Retired railway police officers have expressed dismay at plans to use their pension pots to begin a new fund as part of a controversial merger.
The Scottish Government is pressing ahead with moves to integrate the British Transport Police (BTP) into Police Scotland from April next year, despite concerns from staff associations, trade unions and the railway industry.
The National Association of Retired British Transport Police Officers (NARBTPO) said it had been told of plans to create a new pension fund for about 200 serving officers and 200 retired officers using the pensioners’ savings.
At present, the retired officers belong to a UK-wide fund with about 6,000 members and assets of more than £1 billion.
Jim McKelvie, Scottish representative for NARBTPO, said the association would encourage members to resist creation of the new fund.
He said: “There is absolutely no reason for a separate fund. When the railway was privatised in 1992, there were lots of examples of people who have gone into private railway companies but have stayed in the existing railway pension schemes.
“They’re going to take us out of a fund with about 6,000 people in it and create a fund for about 400 which is probably not sustainable.”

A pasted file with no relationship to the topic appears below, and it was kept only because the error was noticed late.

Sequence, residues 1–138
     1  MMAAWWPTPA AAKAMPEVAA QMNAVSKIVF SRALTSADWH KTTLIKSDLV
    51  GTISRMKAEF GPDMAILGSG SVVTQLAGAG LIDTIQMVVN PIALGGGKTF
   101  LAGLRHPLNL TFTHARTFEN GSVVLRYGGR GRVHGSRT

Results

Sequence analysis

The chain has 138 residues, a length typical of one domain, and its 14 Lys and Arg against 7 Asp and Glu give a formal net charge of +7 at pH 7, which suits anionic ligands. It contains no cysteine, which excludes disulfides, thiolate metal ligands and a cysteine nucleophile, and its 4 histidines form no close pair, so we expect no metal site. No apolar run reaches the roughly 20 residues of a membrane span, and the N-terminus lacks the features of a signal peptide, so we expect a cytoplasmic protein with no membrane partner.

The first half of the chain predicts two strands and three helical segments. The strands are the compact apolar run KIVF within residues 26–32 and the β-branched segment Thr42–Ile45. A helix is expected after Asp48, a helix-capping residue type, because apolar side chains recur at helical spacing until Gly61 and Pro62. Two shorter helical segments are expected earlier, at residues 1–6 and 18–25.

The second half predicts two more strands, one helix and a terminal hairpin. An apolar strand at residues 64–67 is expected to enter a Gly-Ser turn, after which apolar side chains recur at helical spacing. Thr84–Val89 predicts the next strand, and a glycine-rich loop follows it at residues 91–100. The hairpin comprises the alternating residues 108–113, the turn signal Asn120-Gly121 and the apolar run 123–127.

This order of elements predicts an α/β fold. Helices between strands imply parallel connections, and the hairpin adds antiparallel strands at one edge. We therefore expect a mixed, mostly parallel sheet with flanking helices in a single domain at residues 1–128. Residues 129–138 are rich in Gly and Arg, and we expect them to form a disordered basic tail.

He added: “Our fund has a reserve of £2bn and the overall railway pension has a reserve of £12bn. If you take us into a separate fund, we’re not going to have that protection any more.”
Last week Deputy Chief Constable Iain Livingstone told MSPs on the Scottish Parliament’s justice committee that there were “significant issues” relating to the terms and conditions of BTP officers that would not be resolved before the merger.
A Scottish Government spokesman said: “We have given a triple-lock guarantee to secure the jobs, pay and pensions of railway policing officers and staff in Scotland and, together with Police Scotland, we met with the BTP Federation in mid-December for three days to discuss terms and conditions of service and this important work will continue.”
He said integrating railway policing into Police Scotland would provide an enhanced service.